What is the Best Piece of Advice You Have For Parents of Babies with Hearing Loss?

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When Sonya was diagnosed as deaf at just two weeks of age, I never felt more alone. No one in our family (to our knowledge) was deaf, and none of my friends had children with hearing loss. I didn’t know where to turn or who to talk to. In those early days, I didn’t realize how valuable communities that congregated on Facebook could be to my family, as we faced so many unknowns. Today, I am connected to three wonderful Facebook Groups: Parents of Cochlear Kids, Parents of Children with Cochlear Implants and Parents of Children with Hearing Aids. I strongly encourage parents not yet connected to these groups to do so. You can find valuable information, seek advice and connect with so many different people who are affected by hearing loss.


I recently asked parents in these groups the following question: “What is the best piece of advice you have for parents of babies with hearing loss?” I received so many amazing comments. I am sharing them here:

“Don’t let the shock and grief overwhelm you. Your child is perfect and your family might be different from what you thought it would be, but the hearing loss will become the new normal.”

“I was so upset and stressed out when we found out, and we didn’t really know much about cochlear implants. Those sound approximations online for what it sounds like to hear with CIs are horrible and I wish I never listened to them. Instead I wish I read posts from parents on this group and adults with CIs on what their experiences are like. It’s very scary at the beginning but everything works itself out one way or another.”

“You may be heartbroken for your little baby, and that’s okay. Be heartbroken, be upset, cry, scream, but move forward. Your baby will be okay and you will be okay.”

“Give yourself time to grieve. You will be upset, mad and question why this happened to your child and that’s all okay. Don’t compare your child to any other. All our kids have a different story and every experience will be different.”

“Find other parents to talk to who have been through the same experience.”

“It’s not the end of the world, it’s the beginning of a new one.”

“Read everything you can get your hands on. Ask all the questions. You are your child’s best advocate and it helps to understand what’s happening. Narrate your every move. Everything. Language rich environment. Accept the child you have. The “Welcome to Holland” poem expresses it well. This is how life is, we roll with what we are given and we find the joy in it.”

[And here is a link to that wonderful poem, in case you haven’t yet read it]

“You will very quickly realize you are stronger than you ever realized. But with that strength comes so much fear, doubt, and uncertainty. And that is perfectly okay. Cry, scream, and get angry because the person that emerges can face anything. And all the while your child will know no different and still be your perfect child. They will laugh and smile and still think you the center of their universe. And once the hearing journey begins and you hit your first milestone there will be no greater feeling in the entire world.”

“Keep talking to your baby! No matter how silly you feel. It matters!”

“‘Acceptance comes and goes.’ Hands down the best thing the person from early intervention said to me. Also, reading a lot from a deaf perspective made me realize my daughter may be perfectly happy with who she is and to see it more as deaf gain rather than hearing loss.”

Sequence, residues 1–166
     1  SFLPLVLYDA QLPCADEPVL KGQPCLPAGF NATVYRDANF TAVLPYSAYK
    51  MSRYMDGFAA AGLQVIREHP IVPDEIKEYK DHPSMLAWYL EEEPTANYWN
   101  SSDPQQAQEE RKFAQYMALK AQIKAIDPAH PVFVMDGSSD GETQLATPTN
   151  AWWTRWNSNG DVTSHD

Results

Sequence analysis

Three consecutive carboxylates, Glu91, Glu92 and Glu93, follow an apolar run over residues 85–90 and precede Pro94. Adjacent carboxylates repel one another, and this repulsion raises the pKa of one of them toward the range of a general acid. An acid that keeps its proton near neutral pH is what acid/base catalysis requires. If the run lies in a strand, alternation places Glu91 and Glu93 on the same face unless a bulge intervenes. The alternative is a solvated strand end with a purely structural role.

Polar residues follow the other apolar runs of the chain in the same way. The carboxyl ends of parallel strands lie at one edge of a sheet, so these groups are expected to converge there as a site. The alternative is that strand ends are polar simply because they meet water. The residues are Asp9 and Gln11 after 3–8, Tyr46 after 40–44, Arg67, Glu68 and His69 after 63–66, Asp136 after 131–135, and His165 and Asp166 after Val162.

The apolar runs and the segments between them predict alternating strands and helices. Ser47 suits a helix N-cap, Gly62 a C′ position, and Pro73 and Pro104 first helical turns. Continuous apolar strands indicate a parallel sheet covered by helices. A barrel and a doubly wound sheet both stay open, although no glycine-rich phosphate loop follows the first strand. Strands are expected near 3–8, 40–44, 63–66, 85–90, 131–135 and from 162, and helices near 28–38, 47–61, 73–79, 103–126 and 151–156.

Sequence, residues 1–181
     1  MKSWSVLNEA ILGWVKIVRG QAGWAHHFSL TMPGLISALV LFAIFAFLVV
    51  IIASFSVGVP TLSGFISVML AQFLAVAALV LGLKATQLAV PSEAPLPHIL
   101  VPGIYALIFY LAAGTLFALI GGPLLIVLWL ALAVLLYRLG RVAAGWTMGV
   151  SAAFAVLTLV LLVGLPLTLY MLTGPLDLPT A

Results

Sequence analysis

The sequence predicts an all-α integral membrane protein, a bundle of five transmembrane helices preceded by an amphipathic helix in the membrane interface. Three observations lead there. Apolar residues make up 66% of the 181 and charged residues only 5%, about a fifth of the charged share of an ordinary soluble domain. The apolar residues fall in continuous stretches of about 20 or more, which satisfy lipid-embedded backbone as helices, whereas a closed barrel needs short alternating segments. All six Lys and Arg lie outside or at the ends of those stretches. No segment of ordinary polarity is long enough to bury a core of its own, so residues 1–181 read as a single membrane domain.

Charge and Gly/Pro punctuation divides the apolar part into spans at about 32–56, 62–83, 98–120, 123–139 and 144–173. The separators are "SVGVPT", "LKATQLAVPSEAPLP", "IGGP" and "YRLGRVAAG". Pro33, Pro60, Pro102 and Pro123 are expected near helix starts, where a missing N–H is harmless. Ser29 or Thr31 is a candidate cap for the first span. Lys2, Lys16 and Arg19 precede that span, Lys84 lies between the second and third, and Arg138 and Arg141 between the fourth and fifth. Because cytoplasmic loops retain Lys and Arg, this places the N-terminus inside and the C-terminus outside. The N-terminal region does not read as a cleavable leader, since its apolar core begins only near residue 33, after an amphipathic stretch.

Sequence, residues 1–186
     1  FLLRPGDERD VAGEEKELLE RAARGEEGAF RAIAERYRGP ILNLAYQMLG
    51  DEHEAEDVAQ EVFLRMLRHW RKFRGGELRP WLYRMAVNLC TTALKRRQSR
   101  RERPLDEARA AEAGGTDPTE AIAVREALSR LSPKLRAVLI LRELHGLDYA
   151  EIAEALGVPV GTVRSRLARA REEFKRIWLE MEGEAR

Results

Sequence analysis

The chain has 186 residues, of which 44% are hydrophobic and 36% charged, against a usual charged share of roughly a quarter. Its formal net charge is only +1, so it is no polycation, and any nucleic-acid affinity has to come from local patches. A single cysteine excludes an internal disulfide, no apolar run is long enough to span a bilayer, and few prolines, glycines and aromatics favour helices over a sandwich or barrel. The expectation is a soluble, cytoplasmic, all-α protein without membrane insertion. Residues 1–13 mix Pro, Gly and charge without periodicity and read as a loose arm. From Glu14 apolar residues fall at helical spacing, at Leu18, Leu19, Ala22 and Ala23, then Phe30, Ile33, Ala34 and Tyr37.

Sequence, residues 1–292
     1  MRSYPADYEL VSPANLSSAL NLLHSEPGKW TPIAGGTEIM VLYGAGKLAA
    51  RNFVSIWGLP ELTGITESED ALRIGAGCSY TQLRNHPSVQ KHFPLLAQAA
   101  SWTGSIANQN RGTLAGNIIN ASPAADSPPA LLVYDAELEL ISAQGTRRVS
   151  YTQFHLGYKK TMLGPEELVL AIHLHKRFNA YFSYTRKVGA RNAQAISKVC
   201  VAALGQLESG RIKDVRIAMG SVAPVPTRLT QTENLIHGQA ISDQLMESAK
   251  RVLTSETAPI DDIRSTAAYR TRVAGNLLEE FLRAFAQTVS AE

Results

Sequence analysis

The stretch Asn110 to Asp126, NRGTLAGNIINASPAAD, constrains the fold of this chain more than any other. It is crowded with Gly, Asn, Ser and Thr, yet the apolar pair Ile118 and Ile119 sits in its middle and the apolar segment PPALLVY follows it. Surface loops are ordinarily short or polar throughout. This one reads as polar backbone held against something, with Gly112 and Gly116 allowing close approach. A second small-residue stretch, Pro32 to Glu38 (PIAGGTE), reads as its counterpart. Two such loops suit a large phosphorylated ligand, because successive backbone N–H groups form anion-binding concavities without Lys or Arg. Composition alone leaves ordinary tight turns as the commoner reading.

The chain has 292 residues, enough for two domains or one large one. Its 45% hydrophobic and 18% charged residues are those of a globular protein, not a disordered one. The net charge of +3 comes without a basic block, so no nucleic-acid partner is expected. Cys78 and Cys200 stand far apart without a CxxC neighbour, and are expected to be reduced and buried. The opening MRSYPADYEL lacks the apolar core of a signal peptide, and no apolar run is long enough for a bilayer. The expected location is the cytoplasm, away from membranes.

“Language acquisition through sign language and spoken is so very crucial in the first few years. Sign language doesn’t inhibit spoken English! Help parents understand all is not lost because their kiddo is hard of hearing or deaf. One does not have to be hearing or speaking to be successful. Reach out to the deaf community for advice as well.”

“I am 100 percent happy that we went ahead with using ASL and speech together. Zero regrets. Best choice ever. My four-year-old loves both. It’s all about opening doors for her, not closing any of them. I also have zero regrets that we chose to implant. In the end, I did not need the complete approval of either the auditory/verbal only people or the deaf community. What I needed was to know that my daughter was given every opportunity available. She can choose to live however she wants to later. We will have given her the tools to go verbal or to join the deaf/ASL community or to do some combo of both.”

“Go with your gut ALWAYS. You are your child’s best advocate.”

Thank you, to all of the parents who shared their thoughts. I hope readers find them as helpful and comforting as I do.

Do you have advice that helped you? Please share it in the comments section below! 

P.s. You might be interested in reading my earliest posts including:

Birth and Deaf

Grieving Hearing Loss

The Surgery

How to Tell People Your Child Has Hearing Loss (And How to Respond)


Author: Missy Kvitko

Born in Fargo, North Dakota, I grew up in Minnesota. After graduating from Macalester College in 2004, I moved to New York City. For 10 years I worked in the field of public relations, representing professional services firms and financial services (in particular alternative asset managers) In 2014, my life changed dramatically with the birth of my first child, Sonya Rose. Born with severe to profound hearing loss. Sonya's care has become my full time job. It is also the best job I have ever had. My husband, Sonya and I live in Manhattan. Please feel free to email me anytime at missy.kvitko@gmail.com, or find me on instagram (@mmkvitko) and twitter (@HearSonyaRose). Thank you so much for reading.

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